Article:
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ally known Mill Valley Film Festival, which screens many of its movies at the historic Sequoia Theatre, at 25 Th rockmorton. As if that isn’t enough to put this town of almost 14,000 on the map, downtown Mill Valley is the starting point of the more than 100-year-old Dipsea footrace—a 7.1-mile course that starts along the 671 stairs through picturesque Old Mill Park and fi nishes at the bottom of steep trails in Stinson Beach. High-end clothing boutiques, pet and baby stores flank the town square and the perennially packed Mill Valley Market is a favorite for its upscale gourmet offerings and well-prepared deli items. Many of the neighborhood’s old-timers long for the days when downtown Mill Valley was a funky, artsy community sought out by folks who loved nature and wanted to be away from the hustle and bustle of urban living. With the influx of boomers and commuters, the town has become more suburban—yet it’s suburbia with a lingering bohemian sentiment ba still evident. st Whether it’s a good, strong cup of coffee, a grueling footrace up Tam or the opportunity to simply curl up in a comfortable chair at the library and take in some of the area’s most specch ta tacular vistas—you’ll fi nd it all in this quintessential Marin ne neighborhood. —TANYA HENRY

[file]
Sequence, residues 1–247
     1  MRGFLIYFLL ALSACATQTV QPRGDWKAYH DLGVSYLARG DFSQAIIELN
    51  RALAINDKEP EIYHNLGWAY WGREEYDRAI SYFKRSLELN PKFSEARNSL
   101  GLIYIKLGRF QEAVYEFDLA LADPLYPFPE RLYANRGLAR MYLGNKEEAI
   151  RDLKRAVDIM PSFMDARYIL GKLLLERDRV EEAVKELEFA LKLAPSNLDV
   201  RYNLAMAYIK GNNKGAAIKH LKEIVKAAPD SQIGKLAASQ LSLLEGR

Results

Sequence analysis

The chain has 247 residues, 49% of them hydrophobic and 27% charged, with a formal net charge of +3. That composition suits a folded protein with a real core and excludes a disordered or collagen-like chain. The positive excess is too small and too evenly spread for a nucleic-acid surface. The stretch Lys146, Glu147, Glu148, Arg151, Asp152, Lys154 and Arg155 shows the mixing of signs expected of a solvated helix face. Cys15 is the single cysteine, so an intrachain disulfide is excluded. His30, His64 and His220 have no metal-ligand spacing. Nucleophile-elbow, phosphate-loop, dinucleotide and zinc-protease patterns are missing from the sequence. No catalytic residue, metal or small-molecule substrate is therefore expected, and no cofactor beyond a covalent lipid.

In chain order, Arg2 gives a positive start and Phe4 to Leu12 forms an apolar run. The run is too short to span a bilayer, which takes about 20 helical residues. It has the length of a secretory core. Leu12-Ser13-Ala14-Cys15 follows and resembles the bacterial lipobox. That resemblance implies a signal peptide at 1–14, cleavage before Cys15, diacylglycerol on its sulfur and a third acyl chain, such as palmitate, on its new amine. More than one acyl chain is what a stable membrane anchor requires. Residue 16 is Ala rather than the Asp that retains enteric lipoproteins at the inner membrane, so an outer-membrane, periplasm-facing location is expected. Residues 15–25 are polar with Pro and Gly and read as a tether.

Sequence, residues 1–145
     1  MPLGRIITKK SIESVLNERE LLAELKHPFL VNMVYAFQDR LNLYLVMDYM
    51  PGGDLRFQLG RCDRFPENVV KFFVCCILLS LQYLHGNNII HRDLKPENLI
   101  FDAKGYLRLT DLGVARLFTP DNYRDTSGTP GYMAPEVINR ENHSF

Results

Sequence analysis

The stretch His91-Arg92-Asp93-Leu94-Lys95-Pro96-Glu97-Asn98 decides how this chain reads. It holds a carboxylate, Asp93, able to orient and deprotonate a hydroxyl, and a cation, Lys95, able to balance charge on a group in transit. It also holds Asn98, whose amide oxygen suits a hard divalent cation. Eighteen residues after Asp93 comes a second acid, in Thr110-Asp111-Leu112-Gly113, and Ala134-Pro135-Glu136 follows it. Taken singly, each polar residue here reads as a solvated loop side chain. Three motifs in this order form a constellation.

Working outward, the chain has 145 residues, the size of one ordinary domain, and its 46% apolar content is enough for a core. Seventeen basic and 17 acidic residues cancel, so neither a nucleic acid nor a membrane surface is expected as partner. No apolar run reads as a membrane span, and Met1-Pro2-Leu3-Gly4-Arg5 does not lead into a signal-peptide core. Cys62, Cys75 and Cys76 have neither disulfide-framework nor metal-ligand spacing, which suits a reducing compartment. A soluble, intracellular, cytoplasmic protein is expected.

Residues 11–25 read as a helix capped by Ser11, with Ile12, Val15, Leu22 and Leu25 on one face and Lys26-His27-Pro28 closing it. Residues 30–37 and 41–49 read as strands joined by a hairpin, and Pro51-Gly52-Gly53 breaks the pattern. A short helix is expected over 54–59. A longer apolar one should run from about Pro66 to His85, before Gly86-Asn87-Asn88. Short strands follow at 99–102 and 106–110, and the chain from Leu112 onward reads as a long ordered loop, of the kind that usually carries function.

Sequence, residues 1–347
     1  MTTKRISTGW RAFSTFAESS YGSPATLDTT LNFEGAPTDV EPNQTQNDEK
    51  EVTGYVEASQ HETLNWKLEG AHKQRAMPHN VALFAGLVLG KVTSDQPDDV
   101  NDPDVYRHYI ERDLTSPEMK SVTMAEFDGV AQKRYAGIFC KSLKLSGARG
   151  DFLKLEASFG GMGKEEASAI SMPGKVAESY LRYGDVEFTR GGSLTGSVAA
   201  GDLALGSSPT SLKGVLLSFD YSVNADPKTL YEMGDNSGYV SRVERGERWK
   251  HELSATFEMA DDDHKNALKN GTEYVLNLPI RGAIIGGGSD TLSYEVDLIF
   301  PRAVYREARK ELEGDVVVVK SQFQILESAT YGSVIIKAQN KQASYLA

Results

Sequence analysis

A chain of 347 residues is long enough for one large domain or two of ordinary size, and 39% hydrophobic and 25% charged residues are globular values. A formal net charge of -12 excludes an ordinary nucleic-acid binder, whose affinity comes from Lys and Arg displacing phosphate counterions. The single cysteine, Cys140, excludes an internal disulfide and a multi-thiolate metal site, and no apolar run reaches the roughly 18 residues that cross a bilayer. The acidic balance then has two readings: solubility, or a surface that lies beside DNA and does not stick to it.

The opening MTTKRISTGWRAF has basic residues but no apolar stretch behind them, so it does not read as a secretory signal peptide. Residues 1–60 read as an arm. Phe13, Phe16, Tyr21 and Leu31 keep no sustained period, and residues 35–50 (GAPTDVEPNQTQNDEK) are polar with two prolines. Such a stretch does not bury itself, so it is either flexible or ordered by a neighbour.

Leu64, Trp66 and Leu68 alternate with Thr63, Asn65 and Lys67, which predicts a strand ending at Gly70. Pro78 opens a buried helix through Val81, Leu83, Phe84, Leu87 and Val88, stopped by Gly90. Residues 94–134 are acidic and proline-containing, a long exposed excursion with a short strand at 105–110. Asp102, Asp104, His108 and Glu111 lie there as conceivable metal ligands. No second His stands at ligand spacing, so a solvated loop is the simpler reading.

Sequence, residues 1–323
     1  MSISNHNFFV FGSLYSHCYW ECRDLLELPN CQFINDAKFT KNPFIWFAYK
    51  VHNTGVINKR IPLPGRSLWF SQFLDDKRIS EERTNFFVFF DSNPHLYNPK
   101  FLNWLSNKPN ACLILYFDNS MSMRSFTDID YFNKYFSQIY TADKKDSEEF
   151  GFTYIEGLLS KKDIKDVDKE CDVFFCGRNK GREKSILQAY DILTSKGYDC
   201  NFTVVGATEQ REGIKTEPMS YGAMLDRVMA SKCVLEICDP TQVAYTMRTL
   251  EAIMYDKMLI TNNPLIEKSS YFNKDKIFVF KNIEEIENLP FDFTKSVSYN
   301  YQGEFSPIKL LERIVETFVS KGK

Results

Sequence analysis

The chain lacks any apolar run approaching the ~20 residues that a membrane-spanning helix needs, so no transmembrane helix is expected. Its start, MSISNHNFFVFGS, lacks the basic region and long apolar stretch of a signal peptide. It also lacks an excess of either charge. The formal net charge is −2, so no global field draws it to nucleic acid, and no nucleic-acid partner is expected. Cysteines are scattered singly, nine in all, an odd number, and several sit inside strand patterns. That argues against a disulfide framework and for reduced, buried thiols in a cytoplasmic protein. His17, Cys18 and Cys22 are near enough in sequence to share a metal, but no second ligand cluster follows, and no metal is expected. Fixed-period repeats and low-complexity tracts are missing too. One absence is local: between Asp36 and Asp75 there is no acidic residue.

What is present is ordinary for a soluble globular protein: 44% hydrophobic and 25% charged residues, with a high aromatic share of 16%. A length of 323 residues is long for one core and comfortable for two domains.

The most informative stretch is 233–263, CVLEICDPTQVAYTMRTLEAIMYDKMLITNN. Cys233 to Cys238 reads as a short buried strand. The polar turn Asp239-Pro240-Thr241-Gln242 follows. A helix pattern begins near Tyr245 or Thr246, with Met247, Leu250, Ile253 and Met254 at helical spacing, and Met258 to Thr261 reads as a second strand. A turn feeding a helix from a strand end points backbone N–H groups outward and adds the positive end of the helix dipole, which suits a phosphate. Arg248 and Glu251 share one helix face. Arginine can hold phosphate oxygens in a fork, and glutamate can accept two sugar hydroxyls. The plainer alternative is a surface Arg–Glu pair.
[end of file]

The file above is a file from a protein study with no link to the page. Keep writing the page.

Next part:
by Ken Pie kny

D O W N T O W N

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F FIRE STATION Mill Valley Fire Department, 1 Hamilton Ln.; Southern Marin Fire Protection District, 308 Reed Blvd. M LLIBRARY Mill Valley Public Library, 375 Throckmorton Ave. PARKS Boyle Park, 50 Thalia St.; Old Mill Park, 300 P TThrockmorton Ave. P POST OFFICE Mill Valley Post Office, 751 E. Blithedale Ave.

Downtown Mill

e busiest destina Valley is one of th

36 Pacific Sun - Marin’s Best Every Week

tions in all Marin.

P PUBLIC SCHOOLS Tamalpais High School, 700 Miller Ave.; Mill V Valley Middle School, 425 Sycamore Ave.; Old Mill School, 352 TThrockmorton Ave.


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The Depot CafĂŠ draws its name from the

Piekny

building’s long-ago life as Mill Valley’s cent

ral rail hub. Marin eighborhoods eighborhoods 2008 2008–2009 2009 37


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38 Pacific Sun - Marin’s Best Every Week